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Where Are They Now? Episode 10 – Paul Sage

Posted Tue, Sep 03, 2013 by Dalmarus


Welcome to the tenth and final episode in our “Where Are They Now” series. I’ve been a gamer since the days of Pong, and I thought the time for someone to take a look at famous game developers from days gone by, and find out how (and if) they're still involved in making the games we love to play, was long overdue. For our final show, what better choice to pick than a man whose career started with one of the genre’s pioneer games, Ultima Online? Who am I talking about? Paul Sage.

Claim to Fame


Paul Sage may have started out in the bowels of Customer Support for Origin before Ultima Online came to fruition, but it was only a matter of time before his hard work allowed him to crawl from the bottom. He worked his way up the ladder and eventually became the Lead Designer for Ultima Online. Needless to say, Paul’s been around the industry for a very long time and has seen its triumphs and tribulations.


From Origin, Paul went to NCSoft and began working on a new title they were creating with one of our previously highlighted developers, Richard Garriott on his ambitious Tabula Rasa project. The development of the game went through numerous iterations and restarts, but eventually made its way to the public. Sadly, the title didn’t meet with much commercial success although there are aspects of the game that players continue to discuss with fondness.

My personal favorite was the alien language system that had been talked about early in the development and eventually made its way into the game, though not in its originally discussed form. It was still cool and something I’d like to see a developer take a chance with today and add into a game.

Where Are They Now and Why the Hell Should I Care?


Ah, I was wondering when you were finally going to ask that question! Seriously, though, Paul is not just a game industry veteran with a distinguished past career. He’s currently the Creative Director for one of the most anticipated MMO titles to come about in quite some time – Elder Scrolls Online. While we were all a little heartbroken to hear about the game being delayed, that doesn’t mean everything I’ve seen of the title so far still doesn’t have me excited.

People worry that the MMOs of today are becoming too easy, too fast, too boring, etc. As I mentioned earlier, Paul is a serious industry vet. Not only is he a vet, he’s a vet of one of the most infamous and brutal games of all time. Ultima Online was famous in the beginning for being a savage land and it took guts (or severe mental illness) to stick it out in the early days.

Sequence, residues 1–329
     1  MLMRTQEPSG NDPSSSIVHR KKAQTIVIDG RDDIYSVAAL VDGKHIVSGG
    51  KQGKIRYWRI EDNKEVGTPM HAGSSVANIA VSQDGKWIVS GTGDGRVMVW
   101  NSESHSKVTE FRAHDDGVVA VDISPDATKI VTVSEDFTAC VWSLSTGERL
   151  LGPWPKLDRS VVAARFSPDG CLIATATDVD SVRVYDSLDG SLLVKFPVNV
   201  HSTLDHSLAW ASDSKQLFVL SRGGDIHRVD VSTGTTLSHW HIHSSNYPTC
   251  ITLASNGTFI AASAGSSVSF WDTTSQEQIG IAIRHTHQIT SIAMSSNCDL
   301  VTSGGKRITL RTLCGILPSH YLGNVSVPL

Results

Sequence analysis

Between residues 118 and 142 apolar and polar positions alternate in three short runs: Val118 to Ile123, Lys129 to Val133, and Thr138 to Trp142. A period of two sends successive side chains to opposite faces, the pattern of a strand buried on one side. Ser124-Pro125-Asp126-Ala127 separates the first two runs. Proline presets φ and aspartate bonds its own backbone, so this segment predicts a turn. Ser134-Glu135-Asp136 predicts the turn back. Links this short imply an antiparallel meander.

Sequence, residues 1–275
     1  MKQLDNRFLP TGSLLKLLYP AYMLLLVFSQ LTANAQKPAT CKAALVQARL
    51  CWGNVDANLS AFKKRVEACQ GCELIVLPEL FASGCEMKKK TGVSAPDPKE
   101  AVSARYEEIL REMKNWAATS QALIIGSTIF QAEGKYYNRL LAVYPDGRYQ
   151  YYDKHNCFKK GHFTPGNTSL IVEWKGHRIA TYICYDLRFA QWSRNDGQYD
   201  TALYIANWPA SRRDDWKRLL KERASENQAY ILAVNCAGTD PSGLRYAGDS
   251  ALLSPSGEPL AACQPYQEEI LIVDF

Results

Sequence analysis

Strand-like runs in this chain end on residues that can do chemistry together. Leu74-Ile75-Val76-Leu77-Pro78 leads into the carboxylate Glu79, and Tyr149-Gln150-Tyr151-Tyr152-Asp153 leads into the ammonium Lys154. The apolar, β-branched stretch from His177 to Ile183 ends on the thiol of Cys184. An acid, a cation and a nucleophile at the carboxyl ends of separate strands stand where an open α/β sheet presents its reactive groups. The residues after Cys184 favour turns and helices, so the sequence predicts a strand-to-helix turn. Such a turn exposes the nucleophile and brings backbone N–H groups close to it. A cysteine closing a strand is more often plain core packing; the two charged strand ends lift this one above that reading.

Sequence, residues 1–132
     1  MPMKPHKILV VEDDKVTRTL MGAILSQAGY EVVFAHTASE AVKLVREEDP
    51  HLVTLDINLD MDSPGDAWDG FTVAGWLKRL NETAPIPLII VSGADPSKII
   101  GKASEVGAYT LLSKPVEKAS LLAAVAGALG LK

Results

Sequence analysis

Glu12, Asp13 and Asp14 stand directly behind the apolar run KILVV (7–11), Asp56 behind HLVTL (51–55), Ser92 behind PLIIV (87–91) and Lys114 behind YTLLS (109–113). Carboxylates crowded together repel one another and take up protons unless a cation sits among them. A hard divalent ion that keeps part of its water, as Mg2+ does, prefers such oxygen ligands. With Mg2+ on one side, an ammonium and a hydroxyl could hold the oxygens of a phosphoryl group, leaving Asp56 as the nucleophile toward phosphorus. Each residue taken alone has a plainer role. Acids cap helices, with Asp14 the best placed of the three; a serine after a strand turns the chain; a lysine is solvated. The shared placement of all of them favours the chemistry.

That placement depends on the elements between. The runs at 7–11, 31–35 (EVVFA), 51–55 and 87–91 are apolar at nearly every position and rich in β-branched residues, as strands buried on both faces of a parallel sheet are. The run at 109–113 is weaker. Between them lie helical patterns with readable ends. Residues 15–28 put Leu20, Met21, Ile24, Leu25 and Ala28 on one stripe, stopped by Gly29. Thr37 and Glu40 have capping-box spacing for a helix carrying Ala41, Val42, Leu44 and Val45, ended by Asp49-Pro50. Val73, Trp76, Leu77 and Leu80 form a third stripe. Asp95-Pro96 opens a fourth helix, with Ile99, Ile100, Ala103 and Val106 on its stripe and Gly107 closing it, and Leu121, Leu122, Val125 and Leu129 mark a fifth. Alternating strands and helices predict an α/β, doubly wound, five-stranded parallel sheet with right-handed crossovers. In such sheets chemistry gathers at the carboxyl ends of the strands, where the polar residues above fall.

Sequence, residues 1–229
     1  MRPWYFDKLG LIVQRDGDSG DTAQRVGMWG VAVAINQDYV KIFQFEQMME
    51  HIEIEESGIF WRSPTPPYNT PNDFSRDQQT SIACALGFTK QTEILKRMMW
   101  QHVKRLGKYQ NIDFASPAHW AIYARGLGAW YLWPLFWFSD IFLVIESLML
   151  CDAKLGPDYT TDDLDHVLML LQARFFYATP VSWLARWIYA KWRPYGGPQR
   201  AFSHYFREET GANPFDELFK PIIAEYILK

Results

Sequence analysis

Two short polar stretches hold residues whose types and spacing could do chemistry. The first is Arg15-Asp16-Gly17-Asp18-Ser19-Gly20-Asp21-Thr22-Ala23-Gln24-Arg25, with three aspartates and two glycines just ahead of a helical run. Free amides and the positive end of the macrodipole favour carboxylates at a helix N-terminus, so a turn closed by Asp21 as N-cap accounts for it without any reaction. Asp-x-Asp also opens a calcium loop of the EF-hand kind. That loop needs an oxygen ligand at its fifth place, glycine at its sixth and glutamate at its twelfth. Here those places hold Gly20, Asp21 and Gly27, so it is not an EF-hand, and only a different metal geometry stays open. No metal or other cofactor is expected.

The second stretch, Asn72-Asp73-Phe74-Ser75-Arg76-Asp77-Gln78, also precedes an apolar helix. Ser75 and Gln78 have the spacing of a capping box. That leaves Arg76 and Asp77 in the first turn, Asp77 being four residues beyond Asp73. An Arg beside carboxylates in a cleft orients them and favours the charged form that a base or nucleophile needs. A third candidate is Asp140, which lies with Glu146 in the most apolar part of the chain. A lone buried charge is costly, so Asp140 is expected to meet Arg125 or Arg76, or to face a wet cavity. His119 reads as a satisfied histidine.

I remember when I finally picked up Ultima Online a couple months after its release at the request of a friend of mine that was constantly going on about it. I agreed and started a Mage. After an hour or so of getting my ass kicked by cats and cows, I ventured out into the wilderness where I was promptly murdered by another player who also took my wizard hat I had just purchased. The game may not have been for me, but as history can attest, there were plenty of people that loved it. The moral of the story? Paul was there for all of it so knows a thing or two about what us old-school players want in a game. I’m sure Elder Scrolls Online will cater in some ways to a new generation, but I have faith that there’s plenty of love for us old timers as well.

Paul’s not only a developer icon, he’s also an extremely nice man. I’ve had the occasion to meet and speak with him a couple of times, and one night at a lovely dinner with plenty of drinks. I can safely say with zero hesitation that he is a geek’s friend. Whether it be video games, pen and paper RPGs, good taste in movies, and plenty of reading material – he’s a wealth of information and share’s our love of it all.

I’m happy to see developers of our youth still active in the creation of the games we’ve all loved for so long. It’s been a lot of fun doing this series of articles and I hope you’ve all enjoyed them. To all the developers I’ve highlighted over the past few months, I’d like to say thank you. As a former Community Coordinator for BioWare and ArenaNet, I know first-hand the harsh backlash of player revolt when something is added into a game they don’t like. Thanks for standing in the fire and continuing to create content we want to play!


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